Disastrous epidemics always plagued humanity, and then medicine made great breakthroughs in the “Golden Age”. Expert Ronald D. Gerste explains why Corona has now surprised us so much.
t-online: Mr. Barley, today we are afraid of the coronavirus and its mutants, not so long ago numerous other infectious diseases plagued humanity. Which pathogens posed the greatest threat?
Ronald D. Barley: The re was no shortage of devastating epidemics, the world was a very dangerous place from today’s perspective. Around 150 years ago, for example, smallpox raged in Germany; it was a terrible epidemic that caused far more than 100,000 deaths at the time.
As early as 1796, however, the British doctor Edward Jenner had developed the modern vaccination against smallpox.
It was a groundbreaking discovery. But it took time before the smallpox vaccination was able to protect the population comprehensively.
In 1874 the German Empire introduced compulsory vaccination against smallpox. Police officers sometimes took children to be vaccinated against their parents’ wishes for violations.
Smallpox was rightly seen as a formidable threat. Even those who survived were often disfigured by scars. In fact, with the help of extensive vaccination programs, it was finally possible to eradicate the disease worldwide by 1980 at the latest. It was a milestone in medicine. But as successful as the fight against this pathogen was, it was just as difficult against other diseases.
For example, what were these?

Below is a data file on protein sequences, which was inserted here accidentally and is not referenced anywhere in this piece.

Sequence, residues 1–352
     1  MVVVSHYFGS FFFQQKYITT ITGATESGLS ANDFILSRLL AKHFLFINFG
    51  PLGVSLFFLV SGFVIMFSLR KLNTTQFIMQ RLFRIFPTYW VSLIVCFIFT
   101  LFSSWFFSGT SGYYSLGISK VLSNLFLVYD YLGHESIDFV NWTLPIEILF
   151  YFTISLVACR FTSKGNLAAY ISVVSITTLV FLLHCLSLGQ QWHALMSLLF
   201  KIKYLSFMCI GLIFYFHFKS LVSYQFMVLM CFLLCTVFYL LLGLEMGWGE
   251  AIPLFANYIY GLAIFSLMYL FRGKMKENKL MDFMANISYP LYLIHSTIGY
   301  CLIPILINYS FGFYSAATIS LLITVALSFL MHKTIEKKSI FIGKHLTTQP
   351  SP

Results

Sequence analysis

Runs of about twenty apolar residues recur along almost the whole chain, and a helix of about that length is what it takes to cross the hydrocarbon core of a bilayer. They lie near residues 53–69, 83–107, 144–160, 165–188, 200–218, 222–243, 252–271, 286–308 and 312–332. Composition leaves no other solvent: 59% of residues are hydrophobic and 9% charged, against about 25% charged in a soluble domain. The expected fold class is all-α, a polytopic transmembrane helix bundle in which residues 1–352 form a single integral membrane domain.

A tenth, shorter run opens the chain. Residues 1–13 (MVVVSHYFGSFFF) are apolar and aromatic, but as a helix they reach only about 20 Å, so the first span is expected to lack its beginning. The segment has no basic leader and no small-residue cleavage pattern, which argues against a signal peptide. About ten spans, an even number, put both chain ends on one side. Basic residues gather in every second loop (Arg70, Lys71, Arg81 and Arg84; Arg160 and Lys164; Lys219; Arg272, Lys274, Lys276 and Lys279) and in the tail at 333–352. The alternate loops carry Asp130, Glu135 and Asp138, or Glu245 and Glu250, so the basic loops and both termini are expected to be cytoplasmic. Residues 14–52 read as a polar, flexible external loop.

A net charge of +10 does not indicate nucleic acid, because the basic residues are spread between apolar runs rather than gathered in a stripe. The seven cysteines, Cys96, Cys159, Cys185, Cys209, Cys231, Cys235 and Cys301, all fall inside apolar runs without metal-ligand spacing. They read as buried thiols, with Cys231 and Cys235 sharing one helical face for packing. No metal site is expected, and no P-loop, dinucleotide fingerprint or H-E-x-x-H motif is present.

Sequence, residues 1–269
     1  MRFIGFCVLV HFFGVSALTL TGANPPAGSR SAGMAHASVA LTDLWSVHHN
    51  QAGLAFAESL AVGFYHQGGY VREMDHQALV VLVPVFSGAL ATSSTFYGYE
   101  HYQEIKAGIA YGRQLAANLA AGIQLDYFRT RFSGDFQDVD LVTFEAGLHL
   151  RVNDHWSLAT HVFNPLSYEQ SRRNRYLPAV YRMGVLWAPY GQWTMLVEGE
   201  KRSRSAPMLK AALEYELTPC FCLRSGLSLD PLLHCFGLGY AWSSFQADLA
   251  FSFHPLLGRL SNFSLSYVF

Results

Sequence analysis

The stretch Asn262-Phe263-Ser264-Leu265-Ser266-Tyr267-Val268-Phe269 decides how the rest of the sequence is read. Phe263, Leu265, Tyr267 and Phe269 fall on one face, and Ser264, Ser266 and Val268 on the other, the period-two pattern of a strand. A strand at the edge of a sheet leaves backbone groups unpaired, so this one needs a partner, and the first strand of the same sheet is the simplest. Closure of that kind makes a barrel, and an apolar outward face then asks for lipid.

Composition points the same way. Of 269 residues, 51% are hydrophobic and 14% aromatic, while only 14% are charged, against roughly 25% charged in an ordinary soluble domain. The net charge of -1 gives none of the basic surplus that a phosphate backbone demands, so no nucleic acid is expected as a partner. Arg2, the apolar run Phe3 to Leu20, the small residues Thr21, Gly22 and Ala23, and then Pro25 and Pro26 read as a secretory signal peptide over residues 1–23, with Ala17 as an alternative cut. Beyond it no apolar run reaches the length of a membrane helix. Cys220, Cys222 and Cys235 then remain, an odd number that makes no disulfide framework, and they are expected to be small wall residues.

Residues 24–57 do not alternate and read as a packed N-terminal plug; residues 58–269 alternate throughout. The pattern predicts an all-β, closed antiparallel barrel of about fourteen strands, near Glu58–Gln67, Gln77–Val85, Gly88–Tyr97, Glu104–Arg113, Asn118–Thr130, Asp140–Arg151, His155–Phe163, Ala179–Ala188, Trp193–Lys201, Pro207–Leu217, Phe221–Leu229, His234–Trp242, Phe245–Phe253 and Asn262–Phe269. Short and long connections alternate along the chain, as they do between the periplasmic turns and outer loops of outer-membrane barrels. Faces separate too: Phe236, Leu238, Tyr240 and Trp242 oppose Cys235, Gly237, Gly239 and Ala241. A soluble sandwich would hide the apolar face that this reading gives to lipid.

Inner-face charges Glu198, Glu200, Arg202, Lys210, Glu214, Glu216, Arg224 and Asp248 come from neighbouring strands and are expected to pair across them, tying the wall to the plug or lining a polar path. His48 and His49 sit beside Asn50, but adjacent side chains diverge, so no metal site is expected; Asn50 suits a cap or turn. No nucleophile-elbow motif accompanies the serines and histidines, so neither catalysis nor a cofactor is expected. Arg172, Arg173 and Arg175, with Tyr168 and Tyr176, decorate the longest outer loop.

The so-called white plague was extremely feared, as was the “Asian hydra”.
Ronald D. Barley, Born in Magdeburg in 1957, is a doctor of medicine and historian. He lives near the American capital Washington, DC and writes regularly as a correspondent for German-language media. Barley is also the author of numerous books on US history as well as the history of medicine. His latest work has just been released “
The Golden Age of Medicine 1840–1914“.
So tuberculosis and cholera?
I agree. In the 19th century there were repeated outbreaks of cholera in Germany, in 1892 it could only be contained in Hamburg with the strictest hygiene measures. Tuberculosis, on the other hand, has almost disappeared from our consciousness today: it used to be considered a disease, especially of the young and beautiful, who in a sense disappeared when it broke out. Hence the name consumption. But in reality death from tuberculosis was just as pathetic as death from any other infectious disease. And the disease, of course, killed rich and poor without distinction.
While tuberculosis was a major social issue, another dangerous disease tended to remain silent.
The re is an interesting anecdote in the wonderful Hollywood classic “Dr. Ehrlich’s Magic Bullet” (German: “Paul Ehrlich – A Life for Research”): Paul Ehrlich, who as a doctor wanted to develop a treatment for syphilis, once planned on one Reception with wealthy people to raise funds for his research.
The re he was asked what disease he wanted to fight. “Syphilis,” said Ehrlich. Whereupon everyone present quickly ran away.
The historian and physician is the author of numerous books. (Source: Jacqueline Gerste)